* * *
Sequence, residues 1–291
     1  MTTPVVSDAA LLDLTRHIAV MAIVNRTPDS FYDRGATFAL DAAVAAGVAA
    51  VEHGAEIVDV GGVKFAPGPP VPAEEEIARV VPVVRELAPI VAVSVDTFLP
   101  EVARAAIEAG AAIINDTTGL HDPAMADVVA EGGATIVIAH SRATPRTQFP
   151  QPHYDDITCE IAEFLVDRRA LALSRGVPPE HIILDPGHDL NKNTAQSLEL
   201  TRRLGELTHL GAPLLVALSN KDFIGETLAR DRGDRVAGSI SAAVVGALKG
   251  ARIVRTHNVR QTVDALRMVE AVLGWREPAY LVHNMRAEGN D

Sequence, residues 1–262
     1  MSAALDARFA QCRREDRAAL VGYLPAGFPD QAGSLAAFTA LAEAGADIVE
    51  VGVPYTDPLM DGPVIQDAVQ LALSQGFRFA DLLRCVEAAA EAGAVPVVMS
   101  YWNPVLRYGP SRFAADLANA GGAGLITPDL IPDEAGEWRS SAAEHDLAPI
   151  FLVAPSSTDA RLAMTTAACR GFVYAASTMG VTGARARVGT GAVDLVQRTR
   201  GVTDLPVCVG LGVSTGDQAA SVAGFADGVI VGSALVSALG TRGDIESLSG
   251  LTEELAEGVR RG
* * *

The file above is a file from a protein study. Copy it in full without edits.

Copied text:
Sequence, residues 1–291
     1  MTTPVVSDAA LLDLTRHIAV MAIVNRTPDS FYDRGATFAL DAAVAAGVAA
    51  VEHGAEIVDV GGVKFAPGPP VPAEEEIARV VPVVRELAPI VAVSVDTFLP
   101  EVARAAIEAG AAIINDTTGL HDPAMADVVA EGGATIVIAH SRATPRTQFP
   151  QPHYDDITCE IAEFLVDRRA LALSRGVPPE HIILDPGHDL NKNTAQSLEL
   201  TRRLGELTHL GAPLLVALSN KDFIGETLAR DRGDRVAGSI SAAVVGALKG
   251  ARIVRTHNVR QTVDALRMVE AVLGWREPAY LVHNMRAEGN D

Sequence, residues 1–262
     1  MSAALDARFA QCRREDRAAL VGYLPAGFPD QAGSLAAFTA LAEAGADIVE
    51  VGVPYTDPLM DGPVIQDAVQ LALSQGFRFA DLLRCVEAAA EAGAVPVVMS
   101  YWNPVLRYGP SRFAADLANA GGAGLITPDL IPDEAGEWRS SAAEHDLAPI
   151  FLVAPSSTDA RLAMTTAACR GFVYAASTMG VTGARARVGT GAVDLVQRTR
   201  GVTDLPVCVG LGVSTGDQAA SVAGFADGVI VGSALVSALG TRGDIESLSG
   251  LTEELAEGVR RG